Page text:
Up until now, you have been taught that Aquascaping is an art that, if perfected, can replicate the natural world exactly as it is. Moreover, an aquarium with a correct set up always makes a surrounding look great. But Aquascaping like a pro isn’t always a walk in the park. It requires a lot of thinking, a lot of time, and a strong sense of creativity. When you have a grasp on what really matters in aquarium design, you can create a project that your audience will love.
If you want to aquascape like a pro, think outside the box. Wet Web Media has a perfect idea on what thinking outside the box actually looks like. And they have brought the concept out quite well.
If you aquarium is a slice of reality, then in your mind’s eye you need to imagine the riverbank or lake shore that it’s part of. Trees, sedges, reeds and many other plants may have their roots in the water, but mostly grow above it. Using large pieces of bogwood or bamboo canes it is possible to create the illusion of an ‘outside world’ by letting the tops of these things poke out above the water. Plastic plants attached to the hood or the rim of the tank can be allowed to trail into the water, suggesting a verdant bank of vegetation partially submerged by the water.
Here is a quick reminder: brainstorming outside the box takes time. And probably you won’t get things right the first time. A little more practice and further brainstorming can help a great deal.
If you want to aquascape like a pro, you need to choose the right design for your project. This is usually a challenging part for beginners. But The Aquarium Guide has some of the best design ideas that you can emulate.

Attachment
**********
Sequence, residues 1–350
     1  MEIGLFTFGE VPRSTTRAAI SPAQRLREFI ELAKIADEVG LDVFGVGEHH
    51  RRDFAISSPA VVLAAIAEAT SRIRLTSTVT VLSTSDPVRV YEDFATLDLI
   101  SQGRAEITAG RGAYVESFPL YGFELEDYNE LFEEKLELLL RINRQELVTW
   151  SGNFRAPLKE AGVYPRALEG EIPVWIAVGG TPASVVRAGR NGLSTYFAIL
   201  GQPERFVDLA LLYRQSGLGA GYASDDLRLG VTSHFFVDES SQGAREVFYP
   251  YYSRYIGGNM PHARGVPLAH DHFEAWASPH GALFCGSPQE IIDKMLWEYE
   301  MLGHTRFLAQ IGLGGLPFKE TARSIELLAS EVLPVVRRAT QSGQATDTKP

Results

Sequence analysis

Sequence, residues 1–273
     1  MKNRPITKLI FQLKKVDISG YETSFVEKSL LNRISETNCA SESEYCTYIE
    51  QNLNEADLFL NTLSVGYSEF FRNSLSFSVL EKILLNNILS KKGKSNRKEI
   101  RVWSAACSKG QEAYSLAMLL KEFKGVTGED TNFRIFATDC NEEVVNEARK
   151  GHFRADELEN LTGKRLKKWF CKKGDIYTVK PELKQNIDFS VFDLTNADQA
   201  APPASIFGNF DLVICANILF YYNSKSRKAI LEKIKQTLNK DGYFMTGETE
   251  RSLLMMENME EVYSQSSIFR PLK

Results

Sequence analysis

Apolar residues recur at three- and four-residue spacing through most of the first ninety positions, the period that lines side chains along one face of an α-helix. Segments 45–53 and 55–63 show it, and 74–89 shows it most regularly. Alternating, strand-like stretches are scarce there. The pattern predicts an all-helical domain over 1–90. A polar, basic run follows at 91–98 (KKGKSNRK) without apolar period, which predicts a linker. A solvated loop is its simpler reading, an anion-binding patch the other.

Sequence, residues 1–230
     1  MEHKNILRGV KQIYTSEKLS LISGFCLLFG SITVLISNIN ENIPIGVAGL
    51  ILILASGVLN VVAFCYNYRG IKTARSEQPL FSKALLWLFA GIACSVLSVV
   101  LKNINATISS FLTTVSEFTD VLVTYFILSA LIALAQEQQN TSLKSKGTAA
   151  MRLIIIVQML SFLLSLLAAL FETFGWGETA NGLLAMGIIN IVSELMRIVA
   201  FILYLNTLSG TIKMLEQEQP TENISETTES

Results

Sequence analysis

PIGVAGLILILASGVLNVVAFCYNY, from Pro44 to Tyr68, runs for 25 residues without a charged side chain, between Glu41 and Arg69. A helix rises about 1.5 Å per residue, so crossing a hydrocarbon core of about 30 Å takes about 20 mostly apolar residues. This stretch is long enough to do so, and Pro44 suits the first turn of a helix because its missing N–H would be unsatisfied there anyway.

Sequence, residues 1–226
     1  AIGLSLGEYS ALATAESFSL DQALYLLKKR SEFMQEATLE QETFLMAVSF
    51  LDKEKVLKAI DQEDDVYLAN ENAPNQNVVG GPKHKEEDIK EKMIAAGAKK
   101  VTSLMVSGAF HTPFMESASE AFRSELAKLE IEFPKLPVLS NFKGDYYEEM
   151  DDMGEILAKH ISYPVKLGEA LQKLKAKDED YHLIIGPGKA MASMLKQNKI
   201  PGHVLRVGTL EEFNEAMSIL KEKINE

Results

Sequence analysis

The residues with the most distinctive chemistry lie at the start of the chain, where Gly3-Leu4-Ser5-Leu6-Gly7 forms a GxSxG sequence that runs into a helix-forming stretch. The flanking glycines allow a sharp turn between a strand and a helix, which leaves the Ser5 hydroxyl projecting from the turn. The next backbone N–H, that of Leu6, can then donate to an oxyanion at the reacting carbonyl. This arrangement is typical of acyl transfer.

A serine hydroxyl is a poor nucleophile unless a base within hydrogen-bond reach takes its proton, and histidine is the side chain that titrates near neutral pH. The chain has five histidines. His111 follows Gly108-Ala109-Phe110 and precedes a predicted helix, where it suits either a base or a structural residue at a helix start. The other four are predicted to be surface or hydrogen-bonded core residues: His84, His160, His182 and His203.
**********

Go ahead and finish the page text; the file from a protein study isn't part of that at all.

When you’re creating an aquarium, the possibilities are limitless. Everything from bare-bottom tanks to densely planted Dutch tanks are perfectly valid styles. However, you’ll probably create a much more appealing result if you’re following a particular aquascaping style. Here are the most common styles you’ll see in aquariums, and some examples of each:
While it is okay to emulate these designs, you should use them as inspiration. That means that sometimes it is best to use current designs as a guide to brainstorm your own approach.
If you are new to Aquascaping, it is best to start with artificial plants. In fact, Home Aquarium recommends them for beginners because they are quite easy to manage.
Some may say that using artificial plants isn’t really considered aquascaping, but I think it’s great for beginners. They can concentrate on keeping the water parameters healthy for their fish with less variables to disturb the ecosystem. Once, they’ve got their basics right they can start experimenting with live plants.
There are at least two advantages of artificial plants. First, they do not necessarily require certain type of lighting or water parameters. Second, they are very easy to clean.
Thinking outside the box, perfecting your choice of design, and handling artificial plants will definitely take time. What you need as far as Aquascaping goes is the time, patience, and dedication to work on your project until you see results.